LONDON — The BBC will have to pay £740 million ($1.21 billion) over the next four years into its employee pension scheme, which has accumulated a $3.27 billion deficit.
The U.K. pubcaster, which had previously said the pension shortfall would be $614 million, will take the money from the amount raised from the license fee, which all Brit TV viewers are forced to pay, according to a report in the Guardian.
The BBC has opted not to up employee contributions to the pension scheme in a bid to avoid the industrial action that followed reforms to the scheme in 2010.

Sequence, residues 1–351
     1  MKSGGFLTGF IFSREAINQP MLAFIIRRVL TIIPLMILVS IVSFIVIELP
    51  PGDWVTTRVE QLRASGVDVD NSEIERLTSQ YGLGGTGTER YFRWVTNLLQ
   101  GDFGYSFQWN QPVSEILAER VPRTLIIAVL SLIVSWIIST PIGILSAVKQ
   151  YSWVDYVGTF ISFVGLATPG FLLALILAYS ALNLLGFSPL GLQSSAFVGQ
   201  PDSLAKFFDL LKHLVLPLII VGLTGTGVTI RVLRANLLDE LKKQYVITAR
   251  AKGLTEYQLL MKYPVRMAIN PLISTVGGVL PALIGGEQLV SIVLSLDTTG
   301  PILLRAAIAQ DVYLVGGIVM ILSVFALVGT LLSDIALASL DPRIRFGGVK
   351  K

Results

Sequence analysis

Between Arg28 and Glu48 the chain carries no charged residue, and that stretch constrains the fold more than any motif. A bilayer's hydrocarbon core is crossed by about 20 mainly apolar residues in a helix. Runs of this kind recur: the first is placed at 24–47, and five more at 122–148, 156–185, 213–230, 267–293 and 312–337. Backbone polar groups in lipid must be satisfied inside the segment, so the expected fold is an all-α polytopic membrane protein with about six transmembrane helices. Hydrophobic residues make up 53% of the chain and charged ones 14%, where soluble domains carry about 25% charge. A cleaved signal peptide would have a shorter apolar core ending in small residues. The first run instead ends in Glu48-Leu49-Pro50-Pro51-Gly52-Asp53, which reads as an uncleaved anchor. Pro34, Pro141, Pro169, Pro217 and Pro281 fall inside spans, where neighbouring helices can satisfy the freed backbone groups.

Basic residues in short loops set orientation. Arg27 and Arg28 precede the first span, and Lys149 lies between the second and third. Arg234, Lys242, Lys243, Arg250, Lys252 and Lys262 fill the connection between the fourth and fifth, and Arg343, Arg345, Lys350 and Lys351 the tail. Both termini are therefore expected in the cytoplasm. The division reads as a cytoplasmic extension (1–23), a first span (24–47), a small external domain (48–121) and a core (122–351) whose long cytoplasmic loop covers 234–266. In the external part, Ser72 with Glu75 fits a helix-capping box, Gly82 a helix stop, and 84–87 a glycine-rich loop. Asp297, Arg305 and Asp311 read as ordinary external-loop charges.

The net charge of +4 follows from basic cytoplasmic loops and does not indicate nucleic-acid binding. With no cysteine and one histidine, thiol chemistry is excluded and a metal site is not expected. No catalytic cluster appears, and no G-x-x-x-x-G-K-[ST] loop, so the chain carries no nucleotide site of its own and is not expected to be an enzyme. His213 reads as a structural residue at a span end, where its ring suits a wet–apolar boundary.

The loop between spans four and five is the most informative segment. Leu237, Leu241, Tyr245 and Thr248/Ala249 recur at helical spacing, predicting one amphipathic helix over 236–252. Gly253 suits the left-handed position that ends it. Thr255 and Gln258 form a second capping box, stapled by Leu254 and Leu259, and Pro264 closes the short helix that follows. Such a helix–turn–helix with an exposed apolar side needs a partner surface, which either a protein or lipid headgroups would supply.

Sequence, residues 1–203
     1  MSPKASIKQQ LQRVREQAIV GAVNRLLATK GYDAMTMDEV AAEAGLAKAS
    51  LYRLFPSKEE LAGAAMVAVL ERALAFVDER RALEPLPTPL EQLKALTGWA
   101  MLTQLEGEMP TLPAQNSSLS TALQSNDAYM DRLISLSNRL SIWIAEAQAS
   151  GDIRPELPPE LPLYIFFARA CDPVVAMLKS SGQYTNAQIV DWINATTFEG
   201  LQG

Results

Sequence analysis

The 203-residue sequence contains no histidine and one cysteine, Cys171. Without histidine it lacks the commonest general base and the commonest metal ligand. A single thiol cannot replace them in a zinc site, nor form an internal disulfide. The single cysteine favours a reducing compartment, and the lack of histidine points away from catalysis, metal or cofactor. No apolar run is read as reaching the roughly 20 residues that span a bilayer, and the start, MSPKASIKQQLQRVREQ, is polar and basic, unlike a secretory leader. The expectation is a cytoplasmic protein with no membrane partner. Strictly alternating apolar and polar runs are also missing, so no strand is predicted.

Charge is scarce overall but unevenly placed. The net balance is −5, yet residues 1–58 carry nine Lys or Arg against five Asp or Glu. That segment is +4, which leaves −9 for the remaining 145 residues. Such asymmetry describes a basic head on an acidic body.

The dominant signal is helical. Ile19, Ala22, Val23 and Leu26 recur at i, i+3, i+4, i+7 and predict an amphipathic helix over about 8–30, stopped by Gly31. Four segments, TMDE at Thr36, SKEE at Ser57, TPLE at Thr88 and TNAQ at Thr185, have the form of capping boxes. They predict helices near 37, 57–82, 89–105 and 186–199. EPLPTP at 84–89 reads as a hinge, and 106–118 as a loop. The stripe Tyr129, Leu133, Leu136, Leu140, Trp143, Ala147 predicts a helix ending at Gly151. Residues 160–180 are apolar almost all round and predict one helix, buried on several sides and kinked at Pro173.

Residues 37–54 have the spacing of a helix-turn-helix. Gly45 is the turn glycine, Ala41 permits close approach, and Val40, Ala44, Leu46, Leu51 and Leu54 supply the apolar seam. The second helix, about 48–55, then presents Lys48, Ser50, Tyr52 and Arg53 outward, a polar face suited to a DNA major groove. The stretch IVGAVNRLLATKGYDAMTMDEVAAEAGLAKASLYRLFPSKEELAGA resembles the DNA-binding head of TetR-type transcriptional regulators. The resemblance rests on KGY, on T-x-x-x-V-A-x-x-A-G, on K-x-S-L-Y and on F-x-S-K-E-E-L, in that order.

The pension deficit has almost doubled from $1.8 billion in 2010 due to the economic downturn and longer life expectancy.
“External factors have caused the BBC’s pension deficit to increase significantly since 2010, but without recent reforms to staff benefits the BBC would now be facing an even bigger problem,” said a spokesman for the BBC Trust, which is the organization’s governing body.
“Before approving the BBC’s new funding plan, the trust considered the various options and set parameters around what would be acceptable given our responsibility to license fee payers. We concluded that this plan provides the best solution because it addresses the shortfall in an affordable and manageable way.”